Theater of war
Horrifying and yet full of life and often disturbingly funny, "Devils on the Doorstep" is a different drama of World War II as seen from occupied China.
By TOM X. CHAO
Carefully researched with meticulous re-creation of period details, "Devils on the Doorstep" well may be the "Das Boot" of the Japanese occupation of China. By turns incongruously hilarious and grotesquely shocking, it staggers the mind, a film of much complexity that will resonate with any thinking viewer. Like "Das Boot," it concerns much more than the specific time and place it encompasses, acting as a powerful indictment of the burdens of war on a civilian population.
It also marks an impressive achievement by director and producer Jiang Wen, well known to Chinese audiences as the star of "Red Sorghum" and the television series "A Beijinger in New York," who turns in an excellent performance as the main character here. This marks his second directorial effort following 1994's "In The Heat of The Sun."
|DEVILS ON THE DOORSTEP|
|Original title: 鬼子來了.|
Directed by: Jiang Wen.
Written by: You Fengwei, Shi Jianquan, Shu Ping, Jiang Wen.
Cast: Jiang Wen, Jiang Hongbo, Kagawa Teruyuki, Yuan Ding, Cong Zhijun, Xi Zi, Li Haibin, Sawada Kenya, Cai Weidong, Chen Shu, Chen Lianmei..
In Chinese and Japanese with English subtitles.
209 West Houston St. (between 6th and 7th Ave.)
In 1944, the Japanese have occupied the tiny northern Chinese village of Rack-Armour Terrace for eight years. Each day the occupying forces, a small troop of Naval Reserves, parade their marching band tootling their navy song, and distribute candy to the local children. But shortly the seeming placidness of the wartime occupation is shattered when an unseen stranger identified only as "Me" dumps a pair of POWs in the house of the peasant Ma Dasan (Jiang Wen). Ordered to care for them, with death for the entire village as the alternative, Ma Dasan is faced with an escalating set of difficulties in dealing with them.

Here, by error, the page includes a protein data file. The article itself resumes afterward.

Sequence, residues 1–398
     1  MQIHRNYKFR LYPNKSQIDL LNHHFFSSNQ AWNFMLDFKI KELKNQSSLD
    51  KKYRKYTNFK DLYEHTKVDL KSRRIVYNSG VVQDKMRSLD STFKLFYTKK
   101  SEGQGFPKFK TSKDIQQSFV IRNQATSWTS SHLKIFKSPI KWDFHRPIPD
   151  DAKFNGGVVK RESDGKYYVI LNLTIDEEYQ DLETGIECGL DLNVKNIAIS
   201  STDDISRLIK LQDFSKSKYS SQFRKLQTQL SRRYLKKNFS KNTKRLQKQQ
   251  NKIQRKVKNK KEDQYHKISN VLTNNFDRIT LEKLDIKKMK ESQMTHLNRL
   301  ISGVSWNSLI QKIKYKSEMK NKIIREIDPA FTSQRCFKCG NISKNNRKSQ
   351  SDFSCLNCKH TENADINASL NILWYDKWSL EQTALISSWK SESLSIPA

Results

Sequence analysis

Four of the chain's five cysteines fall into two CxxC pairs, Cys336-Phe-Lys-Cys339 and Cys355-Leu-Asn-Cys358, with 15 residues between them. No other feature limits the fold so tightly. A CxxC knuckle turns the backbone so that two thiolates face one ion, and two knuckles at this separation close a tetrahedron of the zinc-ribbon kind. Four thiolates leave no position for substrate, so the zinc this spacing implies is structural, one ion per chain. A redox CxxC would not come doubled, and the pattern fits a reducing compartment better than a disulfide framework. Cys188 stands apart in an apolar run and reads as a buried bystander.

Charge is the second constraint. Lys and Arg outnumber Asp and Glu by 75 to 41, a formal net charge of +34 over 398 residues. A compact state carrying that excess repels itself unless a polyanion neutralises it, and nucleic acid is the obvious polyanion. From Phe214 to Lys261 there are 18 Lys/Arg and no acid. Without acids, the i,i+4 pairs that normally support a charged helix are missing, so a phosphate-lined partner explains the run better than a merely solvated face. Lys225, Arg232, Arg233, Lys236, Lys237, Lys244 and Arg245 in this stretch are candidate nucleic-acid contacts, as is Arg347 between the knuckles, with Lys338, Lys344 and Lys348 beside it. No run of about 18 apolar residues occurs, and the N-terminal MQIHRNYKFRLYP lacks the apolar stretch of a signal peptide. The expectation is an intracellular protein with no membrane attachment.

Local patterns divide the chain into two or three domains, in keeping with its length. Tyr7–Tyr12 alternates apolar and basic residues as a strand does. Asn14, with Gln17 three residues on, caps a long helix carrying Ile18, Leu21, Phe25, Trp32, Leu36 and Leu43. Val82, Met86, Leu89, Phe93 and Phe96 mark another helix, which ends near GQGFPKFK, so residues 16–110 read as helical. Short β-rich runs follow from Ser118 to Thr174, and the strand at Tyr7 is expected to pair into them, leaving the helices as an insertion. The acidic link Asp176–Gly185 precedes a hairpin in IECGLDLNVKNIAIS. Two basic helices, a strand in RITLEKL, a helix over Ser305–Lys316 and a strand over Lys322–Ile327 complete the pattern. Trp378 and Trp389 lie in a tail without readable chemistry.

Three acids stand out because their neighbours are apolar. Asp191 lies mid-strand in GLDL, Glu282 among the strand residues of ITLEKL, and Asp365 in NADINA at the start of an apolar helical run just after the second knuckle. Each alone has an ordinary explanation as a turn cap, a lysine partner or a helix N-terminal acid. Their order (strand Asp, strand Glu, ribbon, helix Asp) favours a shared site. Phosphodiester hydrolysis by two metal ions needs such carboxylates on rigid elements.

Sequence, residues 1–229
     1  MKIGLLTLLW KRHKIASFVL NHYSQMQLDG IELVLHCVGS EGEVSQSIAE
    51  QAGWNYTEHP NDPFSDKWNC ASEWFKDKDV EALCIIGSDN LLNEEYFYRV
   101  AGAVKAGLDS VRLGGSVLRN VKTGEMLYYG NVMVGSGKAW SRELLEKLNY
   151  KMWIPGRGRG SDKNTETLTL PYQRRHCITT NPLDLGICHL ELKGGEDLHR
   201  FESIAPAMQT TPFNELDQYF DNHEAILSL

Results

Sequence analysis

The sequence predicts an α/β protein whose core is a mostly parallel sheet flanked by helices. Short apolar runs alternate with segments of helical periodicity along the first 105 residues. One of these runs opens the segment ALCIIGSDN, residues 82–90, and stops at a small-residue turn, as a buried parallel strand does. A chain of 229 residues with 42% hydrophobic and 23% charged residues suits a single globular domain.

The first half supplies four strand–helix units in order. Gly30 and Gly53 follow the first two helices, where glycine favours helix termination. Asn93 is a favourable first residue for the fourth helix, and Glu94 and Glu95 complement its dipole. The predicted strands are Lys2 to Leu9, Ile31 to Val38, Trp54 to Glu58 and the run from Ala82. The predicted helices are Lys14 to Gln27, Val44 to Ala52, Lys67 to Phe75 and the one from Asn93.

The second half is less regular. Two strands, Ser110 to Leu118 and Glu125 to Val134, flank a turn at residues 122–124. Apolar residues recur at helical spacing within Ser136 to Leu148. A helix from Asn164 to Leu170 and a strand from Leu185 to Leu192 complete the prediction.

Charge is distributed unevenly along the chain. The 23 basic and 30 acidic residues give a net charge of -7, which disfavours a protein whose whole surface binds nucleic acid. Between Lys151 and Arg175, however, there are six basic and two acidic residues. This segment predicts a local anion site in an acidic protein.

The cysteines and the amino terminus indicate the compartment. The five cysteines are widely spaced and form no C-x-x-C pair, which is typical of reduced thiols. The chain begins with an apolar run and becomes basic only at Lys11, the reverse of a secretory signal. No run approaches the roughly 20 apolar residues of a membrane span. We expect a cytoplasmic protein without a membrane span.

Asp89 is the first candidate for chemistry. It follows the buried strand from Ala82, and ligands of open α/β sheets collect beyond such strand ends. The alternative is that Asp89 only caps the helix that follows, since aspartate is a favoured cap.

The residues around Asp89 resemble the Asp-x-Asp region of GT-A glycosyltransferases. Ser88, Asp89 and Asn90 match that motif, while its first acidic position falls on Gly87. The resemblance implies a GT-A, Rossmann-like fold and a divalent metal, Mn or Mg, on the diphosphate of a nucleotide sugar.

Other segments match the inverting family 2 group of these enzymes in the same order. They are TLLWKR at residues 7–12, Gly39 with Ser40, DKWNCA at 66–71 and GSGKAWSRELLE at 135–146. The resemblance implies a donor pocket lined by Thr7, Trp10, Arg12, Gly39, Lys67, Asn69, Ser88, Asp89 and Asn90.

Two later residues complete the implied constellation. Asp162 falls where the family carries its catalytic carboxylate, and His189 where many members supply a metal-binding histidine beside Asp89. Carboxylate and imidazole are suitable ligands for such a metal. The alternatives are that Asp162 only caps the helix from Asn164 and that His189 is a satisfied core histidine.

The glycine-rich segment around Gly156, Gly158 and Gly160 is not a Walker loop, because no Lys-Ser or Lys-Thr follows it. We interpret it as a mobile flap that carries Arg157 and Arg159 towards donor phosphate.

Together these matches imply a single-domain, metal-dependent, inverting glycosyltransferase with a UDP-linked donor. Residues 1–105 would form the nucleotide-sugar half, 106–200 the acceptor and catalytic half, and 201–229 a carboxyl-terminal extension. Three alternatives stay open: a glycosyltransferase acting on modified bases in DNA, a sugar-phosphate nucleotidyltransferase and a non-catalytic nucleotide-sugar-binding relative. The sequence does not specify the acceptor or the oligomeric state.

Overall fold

The two prisoners form a classically mismatched duo, the fanatical Japanese soldier, Hanaya Kosaburo (Teruyuki Kagawa), paired with his cowering translator, Dong Hanchen (Yuan Ding), who, in an effort to avoid execution, desperately mistranslates his partner's curses as banal pleasantries.|
The two are supposed to be retrieved by the mysterious stranger, but when the appointed date of New Year's Day comes, nothing happens. The villagers are left holding the bag literally, as the prisoners arrive tied up in gunnysacks. Ma Dasan and the villagers have to contend with the fractiousness of the bickering duo while simultaneously concealing them from the Japanese troops stationed nearby. Meanwhile the prisoners, secreted in a section of the Great Wall, concoct peculiar escape attempts that fail. Winter turns to summer with no sign of the mysterious "Me."
Despite a 140-minute length (this release version has been cut down from 162 minutes), the story moves well, based on the novel "Shengcun" by You Fengwei, adapted by the author, Shi Jianquan, Shu Ping, and Jiang Wen. Apparently, most of the original novel's plot was abandoned, leaving only the initial delivery of the prisoners intact.